A Saskatchewan Officer Was Fired After Buying Some Intense Weapons

Highway patrol doesn't need silencers.
Saskatchewan Highway Patrol Chief Got Fired After Buying Weapons Way Too Intense

One official got heat for making some "questionable purchases" for first responders, according to an auditor's report. A Saskatchewan highway patrol chief reportedly bought equipment ranging from silencers to drones and more. He is now suing the province over his dismissal.

According to a Saskatchewan auditor's report published on Tuesday, June 23, the highway patrol team bought equipment they didn't need.

For example, they bought 12 silencers, an AR-10 carbine, two fully automatic rifles, a drone, a high-power rifle scope, and more.

"The ministry did not document a business need to buy certain types of firearms and weapons given the Highway Patrol's role as a first responder in emergency situations," read the report.

They also bought a shotgun after the deputy minister explicitly told staff not to buy shotguns.

According to CBC News, former highway patrol Chief Robin Litzenberger was behind the purchases.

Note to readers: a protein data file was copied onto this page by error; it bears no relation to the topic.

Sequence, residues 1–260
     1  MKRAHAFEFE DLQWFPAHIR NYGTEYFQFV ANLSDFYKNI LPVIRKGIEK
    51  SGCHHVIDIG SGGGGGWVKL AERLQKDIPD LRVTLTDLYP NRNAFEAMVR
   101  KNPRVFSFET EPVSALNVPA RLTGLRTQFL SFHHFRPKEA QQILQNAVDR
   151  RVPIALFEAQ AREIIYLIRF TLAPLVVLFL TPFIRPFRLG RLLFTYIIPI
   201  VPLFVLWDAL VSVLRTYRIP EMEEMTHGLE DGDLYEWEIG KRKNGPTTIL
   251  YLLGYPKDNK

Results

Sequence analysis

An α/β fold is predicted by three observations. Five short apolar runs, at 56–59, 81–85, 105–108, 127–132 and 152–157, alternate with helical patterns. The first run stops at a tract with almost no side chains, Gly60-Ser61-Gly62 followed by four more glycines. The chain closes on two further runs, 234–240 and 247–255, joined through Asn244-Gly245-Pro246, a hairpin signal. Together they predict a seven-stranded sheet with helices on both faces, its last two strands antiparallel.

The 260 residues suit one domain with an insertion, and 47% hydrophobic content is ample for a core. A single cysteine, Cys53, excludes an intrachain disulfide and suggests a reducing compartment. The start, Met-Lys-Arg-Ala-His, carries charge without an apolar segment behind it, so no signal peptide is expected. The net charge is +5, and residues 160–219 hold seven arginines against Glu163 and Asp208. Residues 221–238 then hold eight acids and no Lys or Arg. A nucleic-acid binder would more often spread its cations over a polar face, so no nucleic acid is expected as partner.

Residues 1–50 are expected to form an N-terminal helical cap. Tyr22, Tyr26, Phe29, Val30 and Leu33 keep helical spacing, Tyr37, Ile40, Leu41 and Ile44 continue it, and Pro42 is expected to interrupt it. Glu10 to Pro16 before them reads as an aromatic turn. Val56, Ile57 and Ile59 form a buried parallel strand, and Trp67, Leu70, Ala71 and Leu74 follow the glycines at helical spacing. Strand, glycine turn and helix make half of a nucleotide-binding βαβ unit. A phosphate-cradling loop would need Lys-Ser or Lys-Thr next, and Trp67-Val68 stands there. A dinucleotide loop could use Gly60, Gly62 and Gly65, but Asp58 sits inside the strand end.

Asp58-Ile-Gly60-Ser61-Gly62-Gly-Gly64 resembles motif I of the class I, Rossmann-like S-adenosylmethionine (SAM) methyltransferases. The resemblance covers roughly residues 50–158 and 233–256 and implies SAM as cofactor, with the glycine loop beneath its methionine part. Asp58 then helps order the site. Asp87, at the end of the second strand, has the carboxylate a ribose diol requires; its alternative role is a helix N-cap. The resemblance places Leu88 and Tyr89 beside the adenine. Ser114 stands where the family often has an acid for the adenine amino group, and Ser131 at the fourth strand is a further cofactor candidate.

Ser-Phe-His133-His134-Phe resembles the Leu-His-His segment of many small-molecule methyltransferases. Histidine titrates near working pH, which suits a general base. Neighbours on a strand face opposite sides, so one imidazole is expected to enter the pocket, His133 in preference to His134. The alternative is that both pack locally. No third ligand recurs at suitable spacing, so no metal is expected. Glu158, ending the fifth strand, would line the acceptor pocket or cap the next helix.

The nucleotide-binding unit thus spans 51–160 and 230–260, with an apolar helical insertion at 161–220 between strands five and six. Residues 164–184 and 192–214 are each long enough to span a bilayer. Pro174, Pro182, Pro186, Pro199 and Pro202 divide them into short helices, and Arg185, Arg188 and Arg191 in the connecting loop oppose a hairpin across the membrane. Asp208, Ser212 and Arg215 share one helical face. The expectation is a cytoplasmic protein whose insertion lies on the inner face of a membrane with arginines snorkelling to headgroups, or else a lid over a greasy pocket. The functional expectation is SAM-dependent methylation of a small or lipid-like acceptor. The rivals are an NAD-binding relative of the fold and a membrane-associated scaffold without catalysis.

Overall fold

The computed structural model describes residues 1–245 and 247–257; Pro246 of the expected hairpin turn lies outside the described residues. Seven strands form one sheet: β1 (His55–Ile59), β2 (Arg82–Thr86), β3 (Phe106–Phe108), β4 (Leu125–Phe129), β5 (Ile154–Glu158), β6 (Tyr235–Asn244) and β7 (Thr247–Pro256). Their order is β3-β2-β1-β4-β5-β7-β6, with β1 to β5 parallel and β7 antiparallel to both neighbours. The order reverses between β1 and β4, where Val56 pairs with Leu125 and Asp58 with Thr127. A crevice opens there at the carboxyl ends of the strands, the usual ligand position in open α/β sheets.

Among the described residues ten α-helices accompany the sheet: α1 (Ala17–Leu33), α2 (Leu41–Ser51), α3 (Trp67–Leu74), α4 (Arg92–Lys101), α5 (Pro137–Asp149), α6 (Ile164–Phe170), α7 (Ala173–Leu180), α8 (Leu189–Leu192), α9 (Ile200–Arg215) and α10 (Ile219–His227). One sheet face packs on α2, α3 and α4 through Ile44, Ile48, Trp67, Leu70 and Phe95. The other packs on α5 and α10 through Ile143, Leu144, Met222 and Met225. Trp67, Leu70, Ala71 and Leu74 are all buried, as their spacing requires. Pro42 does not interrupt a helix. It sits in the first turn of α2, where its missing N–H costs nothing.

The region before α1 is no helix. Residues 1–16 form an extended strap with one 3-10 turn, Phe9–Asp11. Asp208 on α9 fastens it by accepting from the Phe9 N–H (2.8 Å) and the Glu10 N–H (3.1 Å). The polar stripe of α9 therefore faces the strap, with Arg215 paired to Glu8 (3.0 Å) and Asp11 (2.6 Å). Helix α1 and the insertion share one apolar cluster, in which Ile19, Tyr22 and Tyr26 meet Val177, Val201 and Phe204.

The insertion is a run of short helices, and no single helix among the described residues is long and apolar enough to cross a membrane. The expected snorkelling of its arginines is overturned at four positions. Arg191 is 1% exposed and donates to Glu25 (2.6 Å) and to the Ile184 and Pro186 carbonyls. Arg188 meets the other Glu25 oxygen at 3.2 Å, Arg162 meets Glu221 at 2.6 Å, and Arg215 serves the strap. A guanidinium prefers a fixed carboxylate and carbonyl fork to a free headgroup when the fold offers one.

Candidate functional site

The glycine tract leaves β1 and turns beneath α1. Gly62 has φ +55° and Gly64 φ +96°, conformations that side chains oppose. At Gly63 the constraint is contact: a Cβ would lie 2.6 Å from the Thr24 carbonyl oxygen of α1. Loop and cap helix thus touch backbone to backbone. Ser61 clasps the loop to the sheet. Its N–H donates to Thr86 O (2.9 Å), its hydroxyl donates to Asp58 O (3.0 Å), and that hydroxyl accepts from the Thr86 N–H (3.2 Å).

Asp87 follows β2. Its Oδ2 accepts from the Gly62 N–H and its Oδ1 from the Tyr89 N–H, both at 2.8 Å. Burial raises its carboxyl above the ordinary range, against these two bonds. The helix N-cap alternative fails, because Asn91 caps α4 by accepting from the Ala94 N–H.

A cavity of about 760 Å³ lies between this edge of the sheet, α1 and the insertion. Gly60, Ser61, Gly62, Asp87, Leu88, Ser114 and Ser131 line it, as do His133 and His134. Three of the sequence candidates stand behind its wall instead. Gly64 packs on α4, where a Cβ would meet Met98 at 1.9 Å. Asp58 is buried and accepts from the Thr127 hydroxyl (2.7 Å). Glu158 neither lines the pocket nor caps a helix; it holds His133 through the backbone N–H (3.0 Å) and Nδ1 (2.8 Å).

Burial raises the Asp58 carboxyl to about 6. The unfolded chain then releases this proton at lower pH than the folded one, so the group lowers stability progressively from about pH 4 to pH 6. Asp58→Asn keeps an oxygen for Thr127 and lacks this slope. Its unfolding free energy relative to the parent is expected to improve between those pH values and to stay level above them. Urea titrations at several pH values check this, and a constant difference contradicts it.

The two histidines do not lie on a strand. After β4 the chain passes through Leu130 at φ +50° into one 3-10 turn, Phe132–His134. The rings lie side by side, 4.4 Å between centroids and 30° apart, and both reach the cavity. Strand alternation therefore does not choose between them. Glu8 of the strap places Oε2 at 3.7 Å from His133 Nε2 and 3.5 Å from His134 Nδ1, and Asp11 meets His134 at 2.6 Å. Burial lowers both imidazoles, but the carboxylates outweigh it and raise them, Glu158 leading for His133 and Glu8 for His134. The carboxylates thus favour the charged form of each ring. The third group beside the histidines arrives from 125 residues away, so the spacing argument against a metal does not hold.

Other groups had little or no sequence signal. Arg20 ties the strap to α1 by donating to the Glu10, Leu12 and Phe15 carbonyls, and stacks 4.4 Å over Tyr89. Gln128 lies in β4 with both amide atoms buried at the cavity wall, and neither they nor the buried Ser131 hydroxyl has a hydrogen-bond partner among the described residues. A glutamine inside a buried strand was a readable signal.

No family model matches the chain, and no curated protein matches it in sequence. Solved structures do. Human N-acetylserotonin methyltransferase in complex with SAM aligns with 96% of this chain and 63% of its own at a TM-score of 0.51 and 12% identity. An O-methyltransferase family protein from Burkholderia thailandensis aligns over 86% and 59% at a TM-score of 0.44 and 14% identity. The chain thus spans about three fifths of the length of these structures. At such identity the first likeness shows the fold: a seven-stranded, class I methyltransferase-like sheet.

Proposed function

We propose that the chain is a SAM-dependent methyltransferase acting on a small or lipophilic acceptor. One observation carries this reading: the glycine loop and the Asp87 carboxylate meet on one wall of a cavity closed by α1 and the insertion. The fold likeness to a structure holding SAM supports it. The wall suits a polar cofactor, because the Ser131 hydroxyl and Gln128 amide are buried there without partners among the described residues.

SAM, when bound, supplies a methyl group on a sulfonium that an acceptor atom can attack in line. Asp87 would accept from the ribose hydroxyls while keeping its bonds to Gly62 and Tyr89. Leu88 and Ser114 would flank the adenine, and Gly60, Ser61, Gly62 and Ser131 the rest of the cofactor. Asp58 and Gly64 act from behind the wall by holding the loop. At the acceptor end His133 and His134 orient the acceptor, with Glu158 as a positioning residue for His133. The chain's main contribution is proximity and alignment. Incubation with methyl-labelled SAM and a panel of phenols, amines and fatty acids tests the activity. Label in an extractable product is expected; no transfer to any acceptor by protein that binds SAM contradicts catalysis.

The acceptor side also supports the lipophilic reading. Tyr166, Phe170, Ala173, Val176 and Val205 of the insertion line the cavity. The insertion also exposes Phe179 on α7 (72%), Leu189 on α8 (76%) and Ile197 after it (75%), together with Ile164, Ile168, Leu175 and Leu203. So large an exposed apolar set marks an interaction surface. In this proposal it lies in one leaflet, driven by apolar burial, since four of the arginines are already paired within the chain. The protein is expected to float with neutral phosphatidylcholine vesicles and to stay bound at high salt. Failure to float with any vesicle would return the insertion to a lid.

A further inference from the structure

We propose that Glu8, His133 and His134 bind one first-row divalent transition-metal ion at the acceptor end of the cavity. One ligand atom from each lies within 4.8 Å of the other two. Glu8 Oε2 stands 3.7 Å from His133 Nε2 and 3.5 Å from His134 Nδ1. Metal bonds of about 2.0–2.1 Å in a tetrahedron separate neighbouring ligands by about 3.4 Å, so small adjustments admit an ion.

He'd spent $700,000 in total on new supplies, but $140,000 was spent on weapons and equipment they weren't allowed to use. The rest were still usable, including equipment like body armour and cameras.

The unusable equipment will be "locked up and liquidated to proper law agencies," said Highways Minister Greg Ottenbreit to CBC.

Litzenberger was later fired from his position in October of 2019.

"I'm very confident in the leadership we have at the highway patrol now," said Ottenbreit. "I know that morale is very good."

Litzenberger later sued the province over his dismissal in December of 2019, according to CTV, calling it based on false allegations of improper spending and more.

The claim read that Litzenberger "at all times properly, competently and professionally discharged his employment duties and responsibilities to the defendant."

The Saskatchewan Highway Patrol was formed in 2018 to help respond to rural incidents.

They're able to respond to 911 calls, enforce speed limits and traffic violations, investigate impaired drivers, and more, according to a release from the provincial government.

However, they're considered first-responders, and "is to turn over investigations to a police service (e.g., RCMP) at the first available opportunity, read the auditor's report.

According to the report, none of the "questionable" weapons and supplies have been used by the team and are sitting safely in locked storage.